Tuesday October 17 1939
|October 17, 1939: U-47 passing the cruiser Emden at Wilhelmshaven, Germany following the sinking of HMS Royal Oak. Kapitänleutnant Günther Prien "The Bull of Scapa Flow" can be seen on the conning tower.|
European Air Operations: Just like the day before, on 17 October 1939 four Ju 88s raid Scapa Flow in mid-afternoon. This time, they badly damage (it must be beached at Ore Bay) the training ship HMS Iron Duke (former flagship of Admiral Jellicoe in World War I) for the loss of one plane. There is a second raid on the Orkney Islands by ten planes, with no hits of importance by either side. There is a battle over the English Channel that claims two Luftwaffe planes.
Battle of the Atlantic: Admiral Doenitz orders U-boats to attack all enemy merchant ships without warning on the ground that resistance was to be expected. This is due to Doenitz learning that British merchant ships are being armed and were giving information by radio to the Royal Navy and were under orders to attack U-boats on sight. [This is according to Doenitz's testimony at the Nuremberg trials following World War II.]
German destroyers advance to the mouth of the Humber Estuary in the North Sea and lay some mines.
Churchill appears in the House of Commons to explain the loss of the Royal Oak and explains that it was laying quietly at anchor when it was sunk in the middle of the night.
U-37 torpedoes and sinks 10,183-ton British passenger ship Yorkshire off the coast of Spain. There are 58 dead with 223 survivors.
U-46 torpedoes and sinks 7,028-ton British freighter City of Mandalay. Of the 80 crew members, two perish.
U-48 torpedoes and sinks 7,256-ton British freighter Clan Chisholm. Four of the 78 people on board perish.
Admiral Graf Spee is working in conjunction with the supply ship Altmark. It transfers the crew of the Huntsman to the Altmark and then sinks the Huntsman.
One of the developing problems of the convoy system is that U-boats are having an easy time with un-escorted convoys. The Yorkshire, the City of Mandalay and Clan Chisholm were all sailing in convoys that had no escorts.
US freighter Cranford is detained by British authorities, who release the Black Falcon.
Kapitänleutnant Günther Prien "The Bull of Scapa Flow" returns to Wilhelmshaven to an epic hero's welcome in U-47, saluted by the entire harbor for his sinking of the HMS Royal Oak.
Convoy OA 21 departs from Southend, while OB 21 departs from Liverpool. At Gibraltar, convoy OG 3 is forming. Convoy HX 5 departs from Halifax.
Western Front: There are two BEF corps at the front, and one has taken over a section of the front. The French report some infantry engagements, while the Germans claim there is "absolute quiet."
Turkey: Like Spain, Turkey is in control of a key naval chokepoint and otherwise is not very vulnerable by land attack. Both sides are courting Turkey, which is remaining neutral. Turkey announces today that it is breaking off negotiations with Moscow and that its negotiator, Foreign Minister Sarajoglu, is returning to Ankara. The holdup is that Turkey has certain deals with France and Britain with which a proposed agreement with Russia would conflict.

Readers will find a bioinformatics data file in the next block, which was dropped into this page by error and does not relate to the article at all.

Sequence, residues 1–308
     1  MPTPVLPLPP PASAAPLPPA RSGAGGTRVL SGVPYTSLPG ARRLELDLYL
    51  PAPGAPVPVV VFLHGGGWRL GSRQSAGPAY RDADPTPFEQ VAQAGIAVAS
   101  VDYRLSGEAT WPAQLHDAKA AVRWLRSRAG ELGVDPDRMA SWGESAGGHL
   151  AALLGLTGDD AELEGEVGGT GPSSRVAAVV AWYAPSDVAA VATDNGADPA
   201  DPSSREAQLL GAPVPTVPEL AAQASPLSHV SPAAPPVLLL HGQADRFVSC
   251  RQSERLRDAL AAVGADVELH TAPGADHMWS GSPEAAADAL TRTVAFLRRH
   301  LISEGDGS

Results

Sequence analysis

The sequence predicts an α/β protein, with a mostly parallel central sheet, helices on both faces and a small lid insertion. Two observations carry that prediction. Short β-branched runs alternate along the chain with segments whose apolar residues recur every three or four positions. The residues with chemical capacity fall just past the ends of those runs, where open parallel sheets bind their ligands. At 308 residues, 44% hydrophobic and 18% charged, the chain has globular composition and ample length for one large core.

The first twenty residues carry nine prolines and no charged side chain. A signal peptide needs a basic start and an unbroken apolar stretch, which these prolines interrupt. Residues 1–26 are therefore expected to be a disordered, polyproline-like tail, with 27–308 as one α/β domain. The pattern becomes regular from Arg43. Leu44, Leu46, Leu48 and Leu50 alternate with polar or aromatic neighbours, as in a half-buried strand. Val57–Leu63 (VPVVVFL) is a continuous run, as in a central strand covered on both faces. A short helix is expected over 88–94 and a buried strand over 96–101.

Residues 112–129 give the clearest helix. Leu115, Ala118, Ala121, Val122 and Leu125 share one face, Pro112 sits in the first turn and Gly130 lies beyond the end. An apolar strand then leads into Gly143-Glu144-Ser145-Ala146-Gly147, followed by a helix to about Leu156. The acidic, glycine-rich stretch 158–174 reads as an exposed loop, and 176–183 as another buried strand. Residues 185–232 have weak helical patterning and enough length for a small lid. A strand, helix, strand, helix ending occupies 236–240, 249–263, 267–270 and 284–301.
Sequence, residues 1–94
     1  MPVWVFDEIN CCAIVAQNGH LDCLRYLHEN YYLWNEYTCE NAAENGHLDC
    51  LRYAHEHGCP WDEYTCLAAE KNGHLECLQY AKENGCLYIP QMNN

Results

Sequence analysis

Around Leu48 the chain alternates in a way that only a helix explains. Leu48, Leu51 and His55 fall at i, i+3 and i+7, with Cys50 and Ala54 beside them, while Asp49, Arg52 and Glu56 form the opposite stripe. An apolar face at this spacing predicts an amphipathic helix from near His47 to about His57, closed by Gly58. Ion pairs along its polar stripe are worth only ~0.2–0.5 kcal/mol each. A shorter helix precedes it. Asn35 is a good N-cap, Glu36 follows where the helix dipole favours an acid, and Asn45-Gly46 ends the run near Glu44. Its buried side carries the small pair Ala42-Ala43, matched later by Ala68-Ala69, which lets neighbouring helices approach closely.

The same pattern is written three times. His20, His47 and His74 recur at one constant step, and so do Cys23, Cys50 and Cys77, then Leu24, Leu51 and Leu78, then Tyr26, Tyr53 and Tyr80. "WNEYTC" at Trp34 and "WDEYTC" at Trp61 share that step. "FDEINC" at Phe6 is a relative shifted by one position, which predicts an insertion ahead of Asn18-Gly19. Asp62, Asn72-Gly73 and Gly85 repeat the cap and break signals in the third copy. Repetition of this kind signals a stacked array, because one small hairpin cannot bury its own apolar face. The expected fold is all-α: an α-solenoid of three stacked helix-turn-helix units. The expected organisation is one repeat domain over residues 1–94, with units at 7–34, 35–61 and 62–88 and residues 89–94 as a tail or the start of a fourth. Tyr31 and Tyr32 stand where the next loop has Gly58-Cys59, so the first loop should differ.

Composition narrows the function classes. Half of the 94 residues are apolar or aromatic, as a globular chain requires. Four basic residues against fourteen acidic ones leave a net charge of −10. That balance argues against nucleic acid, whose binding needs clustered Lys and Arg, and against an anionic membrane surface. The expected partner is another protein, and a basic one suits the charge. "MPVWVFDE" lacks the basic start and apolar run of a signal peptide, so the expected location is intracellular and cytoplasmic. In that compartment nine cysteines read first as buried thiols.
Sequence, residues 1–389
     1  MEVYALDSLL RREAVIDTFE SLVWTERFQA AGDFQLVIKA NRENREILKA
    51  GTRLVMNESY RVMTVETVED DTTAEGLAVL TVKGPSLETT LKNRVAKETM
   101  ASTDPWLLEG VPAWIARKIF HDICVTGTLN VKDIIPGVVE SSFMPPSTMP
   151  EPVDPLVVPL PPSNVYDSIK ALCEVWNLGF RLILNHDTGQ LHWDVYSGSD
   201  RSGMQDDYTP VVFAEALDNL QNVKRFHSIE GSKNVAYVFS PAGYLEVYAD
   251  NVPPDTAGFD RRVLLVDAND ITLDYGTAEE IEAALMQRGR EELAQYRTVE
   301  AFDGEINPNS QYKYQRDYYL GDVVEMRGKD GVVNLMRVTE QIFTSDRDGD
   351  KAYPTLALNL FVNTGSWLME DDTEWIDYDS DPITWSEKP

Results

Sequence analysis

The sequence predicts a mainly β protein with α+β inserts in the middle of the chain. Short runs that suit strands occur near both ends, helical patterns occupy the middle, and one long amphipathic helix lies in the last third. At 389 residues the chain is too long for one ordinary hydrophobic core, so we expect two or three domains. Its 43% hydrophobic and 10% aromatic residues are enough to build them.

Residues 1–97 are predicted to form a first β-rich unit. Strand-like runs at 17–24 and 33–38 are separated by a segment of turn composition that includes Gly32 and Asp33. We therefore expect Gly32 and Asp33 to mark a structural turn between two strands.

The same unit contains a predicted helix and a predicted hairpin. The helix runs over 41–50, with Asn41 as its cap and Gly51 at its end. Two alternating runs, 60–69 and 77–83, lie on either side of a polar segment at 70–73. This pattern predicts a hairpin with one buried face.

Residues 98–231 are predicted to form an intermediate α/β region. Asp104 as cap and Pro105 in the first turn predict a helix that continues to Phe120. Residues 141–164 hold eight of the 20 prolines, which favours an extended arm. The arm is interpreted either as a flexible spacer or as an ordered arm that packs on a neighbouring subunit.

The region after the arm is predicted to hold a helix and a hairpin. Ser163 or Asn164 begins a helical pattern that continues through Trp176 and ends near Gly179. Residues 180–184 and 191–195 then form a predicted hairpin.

Switzerland: Immigrants are prohibited from engaging in political activities.
Finland: Marshall Mannerheim becomes Finnish Commander-in-chief, just like in World War I. Unlike then, though, he now has a real army to command. Finland is not yet at war, but Mannerheim's appointment shows that nobody is under any illusions about what is likely to happen.
Canada: General Andrew McNaughton is appointed commander of the 1st Canadian Infantry Division.
German Homefront: Reinhard Heydrich issues the so-called Settlement Edict: (Festsetzungserlaß) Romani may not leave their current place of residence.
|Guenther Prien at Wilhelmshaven. He will be awarded the coveted Ritterkreuz des Eisernen Kreuz (Knight's Cross of the Iron Cross) by Adolf Hitler only days later.|
October 1939October 1, 1939: Occupation of Warsaw
October 2, 1939: Hel Peninsula Falls
October 3, 1939: The Diamantis Incident
October 4, 1939: Otto Kretschmer Gets Rolling
October 5, 1939: Polish Resistance Ends
October 6, 1939: Hitler Peace Effort
October 7, 1939: The British Have Arrived
October 8, 1939: First RAF Kill from UK
October 9, 1939: "City of Flint" Incident
October 10, 1939: Lithuania Under Pressure
October 11, 1939: The Atomic Age Begins
October 12, 1939: England Rejects Hitler's Peace Offer
October 13, 1939: Charles Lindbergh Speaks Out
October 14 1939: Royal Oak Sunk
October 15, 1939: Cuban Rockets
October 16, 1939: First Aircraft Shot Down Over UK
October 17, 1939: Marshall Mannerheim Returns
October 18, 1939: Prien Receives His Award
October 19, 1939: Preliminary Plan for Fall Gelb
October 20, 1939: Hitler Grapples with the Jews
October 21, 1939: Hurricanes to the Rescue!
October 22, 1939: Goebbels Lies Through His Teeth
October 23, 1939: Norway the Center of Attention
October 24, 1939: German "Justice" Gets Rolling
October 25, 1939: Handley Page Halifax Bomber First Flies
October 26, 1939: Jozef Tiso Takes Slovakia
October 27, 1939: King Leopold Stands Firm
October 28, 1939 - First Luftwaffe Raid on Great Britain
October 29, 1939: Tinkering with Fall Gelb
October 30, 1939: Defective Torpedoes
October 31, 1939: Molotov Issues an Ultimatum